If you’re looking to book a hotel room in London ahead of the state funeral of Queen Elizabeth II, get ready to pay up.
The average price for a London hotel room this weekend is 30% higher than it was for the same weekend in 2019, and 39.5% higher than it was last year while travel was still depressed because of the Covid-19 pandemic, according to data from travel website Trivago shared with Bloomberg. Searches have doubled since compared to the same period in 2019, according to Trivago.
London hotels have received a surge in bookings, and some of the most prestigious hotels have been fully booked ahead of Monday’s funeral at Westminster Abbey. The Royal Family, British political leaders and heads of state and government from around the world are expected to attend, as well as thousands of members of the public who want to pay their respects to Britain’s longest-reigning monarch. Monday has been declared a public holiday, so many workers have the day off.
“We’re seeing hotel occupancy rates in percentages in the high 90s,” says Tim Hentschel, co-founder and CEO at HotelPlanner, a group reservation platform. He said they’re normally in the mid-70s this time of year.
Room rates at some hotels are double what they would normally be from Friday onward, Hentschel said. Top hotels are an especially hot commodity in terms of price increases and demand, he said.
For example, the 283-room Corinthia London, which is within an easy walk of Buckingham Palace, is fully booked on Sunday and Monday, a spokeswoman confirmed. The Goring, where Kate Middleton got ready for her wedding to Prince William also appears fully booked.
The luxury hotels that frequently show up on the top hotels in the world lists like Claridges, The Connaught and The Langham are all showing as fully booked on their websites, though the hotels recommend calling to see if there are cancellations. The hotels that aren’t at capacity have more expensive rates than a usual Sunday in September.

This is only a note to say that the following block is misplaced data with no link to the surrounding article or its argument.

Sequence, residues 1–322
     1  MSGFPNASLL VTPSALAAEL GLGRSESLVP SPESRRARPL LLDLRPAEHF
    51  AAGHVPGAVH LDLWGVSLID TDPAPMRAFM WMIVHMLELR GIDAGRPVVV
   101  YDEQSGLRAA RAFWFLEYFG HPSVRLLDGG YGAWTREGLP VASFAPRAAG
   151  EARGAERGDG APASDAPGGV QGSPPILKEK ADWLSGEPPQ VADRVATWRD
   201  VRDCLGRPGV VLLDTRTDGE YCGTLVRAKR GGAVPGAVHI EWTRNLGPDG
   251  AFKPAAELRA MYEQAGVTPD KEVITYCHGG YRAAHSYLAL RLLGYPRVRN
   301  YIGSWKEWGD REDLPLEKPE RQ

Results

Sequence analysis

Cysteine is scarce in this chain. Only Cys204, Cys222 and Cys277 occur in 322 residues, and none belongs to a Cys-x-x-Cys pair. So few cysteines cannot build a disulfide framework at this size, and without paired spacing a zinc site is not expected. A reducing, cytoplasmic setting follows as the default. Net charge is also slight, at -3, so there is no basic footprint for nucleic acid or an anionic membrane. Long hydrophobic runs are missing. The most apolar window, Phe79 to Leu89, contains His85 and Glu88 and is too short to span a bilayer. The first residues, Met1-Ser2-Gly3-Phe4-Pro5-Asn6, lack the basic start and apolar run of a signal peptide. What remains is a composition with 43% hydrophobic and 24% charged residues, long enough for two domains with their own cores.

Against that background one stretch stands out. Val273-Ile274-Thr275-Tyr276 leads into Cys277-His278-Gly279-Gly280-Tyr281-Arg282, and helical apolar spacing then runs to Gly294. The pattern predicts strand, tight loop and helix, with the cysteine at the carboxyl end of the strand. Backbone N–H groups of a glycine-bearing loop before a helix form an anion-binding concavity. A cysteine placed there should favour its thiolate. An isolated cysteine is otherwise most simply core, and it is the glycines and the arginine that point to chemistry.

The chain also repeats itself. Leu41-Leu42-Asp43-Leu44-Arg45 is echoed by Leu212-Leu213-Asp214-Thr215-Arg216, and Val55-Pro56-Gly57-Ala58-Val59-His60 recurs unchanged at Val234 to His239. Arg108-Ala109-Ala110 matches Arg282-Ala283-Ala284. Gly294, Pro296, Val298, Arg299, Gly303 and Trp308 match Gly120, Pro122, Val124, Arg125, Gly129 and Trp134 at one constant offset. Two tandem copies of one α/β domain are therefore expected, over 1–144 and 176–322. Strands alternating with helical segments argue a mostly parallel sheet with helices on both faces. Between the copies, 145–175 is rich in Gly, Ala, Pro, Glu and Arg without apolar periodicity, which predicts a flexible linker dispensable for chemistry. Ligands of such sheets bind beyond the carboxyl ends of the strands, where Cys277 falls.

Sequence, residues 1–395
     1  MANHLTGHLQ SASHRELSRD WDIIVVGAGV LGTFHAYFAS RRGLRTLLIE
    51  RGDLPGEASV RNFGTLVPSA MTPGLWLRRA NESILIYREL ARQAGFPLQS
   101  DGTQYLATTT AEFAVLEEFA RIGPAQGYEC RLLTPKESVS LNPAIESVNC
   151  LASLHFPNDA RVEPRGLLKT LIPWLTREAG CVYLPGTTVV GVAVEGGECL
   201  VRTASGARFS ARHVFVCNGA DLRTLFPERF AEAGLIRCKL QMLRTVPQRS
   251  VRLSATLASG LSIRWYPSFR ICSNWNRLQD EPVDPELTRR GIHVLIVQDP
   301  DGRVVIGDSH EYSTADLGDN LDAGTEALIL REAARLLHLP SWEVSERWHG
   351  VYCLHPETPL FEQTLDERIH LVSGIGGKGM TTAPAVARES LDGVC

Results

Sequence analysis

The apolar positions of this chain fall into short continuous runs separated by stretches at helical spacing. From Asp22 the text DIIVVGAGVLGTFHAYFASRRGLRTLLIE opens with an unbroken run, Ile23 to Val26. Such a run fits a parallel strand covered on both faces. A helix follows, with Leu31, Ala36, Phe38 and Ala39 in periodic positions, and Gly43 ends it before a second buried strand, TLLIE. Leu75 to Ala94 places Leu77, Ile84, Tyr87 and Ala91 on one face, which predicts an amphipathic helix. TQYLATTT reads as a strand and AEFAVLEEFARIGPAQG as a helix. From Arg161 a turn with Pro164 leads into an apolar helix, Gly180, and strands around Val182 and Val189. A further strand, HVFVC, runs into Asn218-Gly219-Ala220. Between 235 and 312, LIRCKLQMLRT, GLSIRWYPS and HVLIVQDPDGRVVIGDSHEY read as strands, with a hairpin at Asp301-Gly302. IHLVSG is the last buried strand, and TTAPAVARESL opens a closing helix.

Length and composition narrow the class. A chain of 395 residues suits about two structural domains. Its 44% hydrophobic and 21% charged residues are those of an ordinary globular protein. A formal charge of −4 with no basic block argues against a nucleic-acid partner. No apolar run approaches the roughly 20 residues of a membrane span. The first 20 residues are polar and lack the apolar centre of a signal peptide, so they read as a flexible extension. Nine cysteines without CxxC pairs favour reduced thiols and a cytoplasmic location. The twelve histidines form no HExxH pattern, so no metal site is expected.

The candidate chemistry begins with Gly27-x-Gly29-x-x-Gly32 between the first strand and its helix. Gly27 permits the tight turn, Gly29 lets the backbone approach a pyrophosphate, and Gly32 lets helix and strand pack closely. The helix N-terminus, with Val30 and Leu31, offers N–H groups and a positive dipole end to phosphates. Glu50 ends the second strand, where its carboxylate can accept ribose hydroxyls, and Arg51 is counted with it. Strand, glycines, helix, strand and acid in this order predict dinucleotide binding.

A stay on Sunday night at the Montcalm Hotel in the City of London—the traditional finance district—will run you £480 ($561) per night in a deluxe double. The same room a week later is £276. The 5-Star Londoner hotel in Leicester Square that’s known more for its proximity to the theatre district than the palaces has rooms for £889 on Sunday but £669 a week later on September 25. These prices come at an already expensive time to visit Britain’s capital—hotel room rates rose to an all-time high in June of this year.
Hotels aren’t necessarily raising their rates, but they may be running out of entry-level rooms. At the Mandarin Oriental Hyde Park, for example, the least expensive choice available this weekend on the website starts at £2,500 for a 60 square meter (646 square foot) room. On Sept. 25, rooms of 34 square meters (366 square feet) are offered for £1,300.
Travel websites are suggesting hotels for that weekend as far as way as The Docklands, which is over six miles away. HotelPlanner’s Hentschel suggests having a look at Windsor or hotels near Heathrow if travelers have little luck in finding a bed in central London.
The area around Westminster Abbey where the funeral will be held is expected to be very busy. The UK cabinet office warns that they are expecting large crowds around central London. The Sun newspaper reported that people looking to pay their respects to the Queen while her coffin lies in state in Westminster Hall could be waiting up to 12 hours in a queue three miles long.
An estimated 200,000 people visited Westminster Hall to pay respects to the Queen Mother at her funeral in 2002. The last state funeral in the UK was for Winston Churchill in 1965. More than a million people gathered along the route of his funeral cortege.
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